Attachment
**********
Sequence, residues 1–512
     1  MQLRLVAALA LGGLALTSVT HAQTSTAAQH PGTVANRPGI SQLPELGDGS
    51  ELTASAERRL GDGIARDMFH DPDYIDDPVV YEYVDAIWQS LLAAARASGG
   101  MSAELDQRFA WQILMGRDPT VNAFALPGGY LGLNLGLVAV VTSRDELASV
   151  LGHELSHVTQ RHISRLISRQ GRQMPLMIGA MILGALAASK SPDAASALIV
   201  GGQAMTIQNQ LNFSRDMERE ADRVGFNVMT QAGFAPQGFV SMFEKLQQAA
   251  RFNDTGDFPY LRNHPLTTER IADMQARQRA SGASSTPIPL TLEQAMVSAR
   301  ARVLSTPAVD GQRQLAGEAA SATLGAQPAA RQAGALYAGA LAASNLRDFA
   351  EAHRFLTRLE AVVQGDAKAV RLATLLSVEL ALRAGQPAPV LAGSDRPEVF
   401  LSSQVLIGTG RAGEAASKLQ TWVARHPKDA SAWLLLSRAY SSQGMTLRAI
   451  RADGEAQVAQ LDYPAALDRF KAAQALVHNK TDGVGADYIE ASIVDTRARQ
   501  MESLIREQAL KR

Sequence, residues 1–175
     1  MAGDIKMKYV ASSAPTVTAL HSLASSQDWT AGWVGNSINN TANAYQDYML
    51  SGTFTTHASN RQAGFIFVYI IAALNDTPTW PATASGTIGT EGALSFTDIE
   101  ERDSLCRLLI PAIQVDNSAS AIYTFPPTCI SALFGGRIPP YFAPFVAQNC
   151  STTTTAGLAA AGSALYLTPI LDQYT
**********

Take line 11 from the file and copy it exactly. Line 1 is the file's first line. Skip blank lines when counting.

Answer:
   451  RADGEAQVAQ LDYPAALDRF KAAQALVHNK TDGVGADYIE ASIVDTRARQ